White House Moves Swiftly To Stem Fallout Of Obama Interview

White House Moves Swiftly To Stem Fallout Of Obama Interview

The White House is moving swiftly to stem the fallout from a potentially damaging interview President Obama gave on Tuesday, in which, it was reported, he did not "begrudge" the multibillion-dollar bonuses of Wall Street executives.

Administration aides insisted, in email exchanges with the Huffington Post, that the quote was largely overplayed. The story, they say, made it appear as if the president didn't mind massive compensation packages when he was simply stating that he didn't fault anyone for his or her personal or professional success. Moreover, they added, the president has made similar remarks many times before without getting the critical reception he received on Wednesday morning.

"The president has said countless times, as he did in the interview, that he doesn't 'begrudge' the success of Americans, but he also expressed 'shock' at the size of bonuses and made clear that there are a number of steps that need to be taken to change the culture of Wall Street," spokesperson Jen Psaki told the Huffington Post. "[That is] a sentiment he has consistently expressed since long before he took office."

On Wednesday morning, Bloomberg Business Week published the write-up of the 30-minute interview it conducted with the president the day before. The story led with Obama saying he does not "begrudge" the $17 million bonus awarded to JPMorgan Chase CEO Jamie Dimon or the $9 million issued to Goldman Sachs CEO Lloyd Blankfein. Acknowledging it was "an extraordinary amount of money," Obama went on to note that "there are some baseball players who are making more than that and don't get to the World Series either, so I'm shocked by that as well."

The National Republican Congressional Committee was quick on the attack, sending the story to reporters under the title: "OBAMA SUDDENLY SCALES BACK ANTI-WALL STREET RHETORIC." On the opposite end of the ideological spectrum -- and at a slightly more elevated intellectual level -- Paul Krugman of the New York Times called the president "clueless."

"First of all, to my knowledge, irresponsible behavior by baseball players hasn't brought the world economy to the brink of collapse and cost millions of innocent Americans their jobs and/or houses," Krugman wrote. "And more specifically, not only has the financial industry has been bailed out with taxpayer commitments; it continues to rely on a taxpayer backstop for its stability."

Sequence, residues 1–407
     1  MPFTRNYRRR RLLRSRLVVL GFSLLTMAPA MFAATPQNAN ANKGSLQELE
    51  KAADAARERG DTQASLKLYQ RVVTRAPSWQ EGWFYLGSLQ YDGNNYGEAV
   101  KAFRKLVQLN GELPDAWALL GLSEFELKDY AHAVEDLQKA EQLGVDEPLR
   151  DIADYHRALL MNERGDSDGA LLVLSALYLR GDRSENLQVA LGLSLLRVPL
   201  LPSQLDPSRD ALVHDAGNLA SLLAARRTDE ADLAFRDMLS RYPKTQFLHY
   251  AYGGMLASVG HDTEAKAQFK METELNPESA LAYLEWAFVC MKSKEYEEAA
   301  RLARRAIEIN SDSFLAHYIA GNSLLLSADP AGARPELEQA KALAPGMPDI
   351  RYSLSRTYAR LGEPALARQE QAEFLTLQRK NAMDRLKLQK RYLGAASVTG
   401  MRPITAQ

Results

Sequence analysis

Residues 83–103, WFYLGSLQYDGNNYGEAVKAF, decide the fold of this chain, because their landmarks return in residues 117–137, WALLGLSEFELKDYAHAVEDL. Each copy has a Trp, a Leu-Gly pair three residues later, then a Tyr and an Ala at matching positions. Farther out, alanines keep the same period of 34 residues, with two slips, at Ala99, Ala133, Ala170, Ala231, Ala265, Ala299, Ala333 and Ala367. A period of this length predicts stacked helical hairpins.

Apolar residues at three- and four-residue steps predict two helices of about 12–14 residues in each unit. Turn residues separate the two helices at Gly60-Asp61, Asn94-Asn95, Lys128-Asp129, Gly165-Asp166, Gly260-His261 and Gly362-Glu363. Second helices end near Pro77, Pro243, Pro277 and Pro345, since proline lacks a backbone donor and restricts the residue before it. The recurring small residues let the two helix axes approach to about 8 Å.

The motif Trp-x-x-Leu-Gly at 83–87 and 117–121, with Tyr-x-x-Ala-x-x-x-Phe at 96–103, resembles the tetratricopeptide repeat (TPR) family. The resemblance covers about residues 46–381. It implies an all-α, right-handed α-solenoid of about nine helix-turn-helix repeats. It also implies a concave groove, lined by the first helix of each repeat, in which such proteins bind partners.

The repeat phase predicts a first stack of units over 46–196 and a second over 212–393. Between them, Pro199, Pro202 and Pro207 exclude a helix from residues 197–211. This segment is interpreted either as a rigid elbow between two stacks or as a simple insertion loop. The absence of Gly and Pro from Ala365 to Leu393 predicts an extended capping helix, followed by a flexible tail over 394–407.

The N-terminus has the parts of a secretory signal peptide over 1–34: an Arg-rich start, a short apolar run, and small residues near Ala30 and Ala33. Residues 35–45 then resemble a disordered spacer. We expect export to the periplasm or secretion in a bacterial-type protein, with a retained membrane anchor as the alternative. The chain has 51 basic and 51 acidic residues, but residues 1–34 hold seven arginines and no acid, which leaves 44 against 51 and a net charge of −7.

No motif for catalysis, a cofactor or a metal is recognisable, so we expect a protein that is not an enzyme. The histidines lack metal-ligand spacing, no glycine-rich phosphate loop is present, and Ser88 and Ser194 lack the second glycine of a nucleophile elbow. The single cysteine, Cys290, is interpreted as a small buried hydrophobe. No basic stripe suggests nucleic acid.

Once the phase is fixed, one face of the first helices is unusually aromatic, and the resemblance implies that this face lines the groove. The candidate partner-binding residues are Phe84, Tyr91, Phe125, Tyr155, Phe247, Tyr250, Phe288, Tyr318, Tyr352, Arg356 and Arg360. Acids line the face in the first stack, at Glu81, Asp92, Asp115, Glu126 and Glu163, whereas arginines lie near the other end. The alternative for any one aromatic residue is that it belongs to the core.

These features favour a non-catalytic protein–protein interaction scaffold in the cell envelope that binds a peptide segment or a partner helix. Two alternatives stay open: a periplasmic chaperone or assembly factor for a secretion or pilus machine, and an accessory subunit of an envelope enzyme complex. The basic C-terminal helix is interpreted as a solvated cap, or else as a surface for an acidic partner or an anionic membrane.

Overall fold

But White House aides insist that the president is far from casual about executive compensation packages on Wall Street -- though, as reported by ABC's Jake Tapper, the rhetoric was a far cry from when the president called the bonus culture on Wall Street "obscene" and "shameful." Providing a full transcript of the interview, administration officials argued that Obama's quote was far more nuanced than Bloomberg reported.

BLOOMBERG: Let's talk bonuses for a minute: Lloyd Blankfein, $9 million; Jamie Dimon, $17 million. Now, granted, those were in stock and less than what some had expected. But are those numbers okay?

THE PRESIDENT: Well, look, first of all, I know both those guys. They're very savvy businessmen. And I, like most of the American people, don't begrudge people success or wealth. That's part of the free market system. I do think that the compensation packages that we've seen over the last decade at least have not matched up always to performance. I think that shareholders oftentimes have not had any significant say in the pay structures for CEOs.

BLOOMBERG: Seventeen million dollars is a lot for Main Street to stomach.

THE PRESIDENT: Listen, $17 million is an extraordinary amount of money. Of course, there are some baseball players who are making more than that who don't get to the World Series either. So I'm shocked by that as well. I guess the main principle we want to promote is a simple principle of "say on pay," that shareholders have a chance to actually scrutinize what CEOs are getting paid. And I think that serves as a restraint and helps align performance with pay. The other thing we do think is the more that pay comes in the form of stock that requires proven performance over a certain period of time as opposed to quarterly earnings is a fairer way of measuring CEOs' success and ultimately will make the performance of American businesses better.

Bloomberg, to its credit, did highlight much of Obama's plan to rein in excessive compensation packages. But it did so midway down the article, at a distance from the more inflammatory portions of the president's quote.

But what has White House aides even more bothered, however, is that fact that the president was simply using a tried and tested talking point only to have it treated like a major revelation. On that front, they're right.

In February 2009, Obama gave a speech on executive compensation in which he declared that, in American, "we don't disparage wealth. We don't begrudge anybody for achieving success. And we believe that success should be rewarded." In March 2009, Obama told the Business Roundtable that the job of a lawmaker is "not to disparage wealth, but to expand its reach." And in a brief statement on executive compensation in October 2009, Obama repeated the lines: "We don't disparage wealth; we don't begrudge anybody for doing well. We believe in success. But it does offend our values when executives of big financial firms -- firms that are struggling -- pay themselves huge bonuses, even as they continue to rely on taxpayer assistance to stay afloat.

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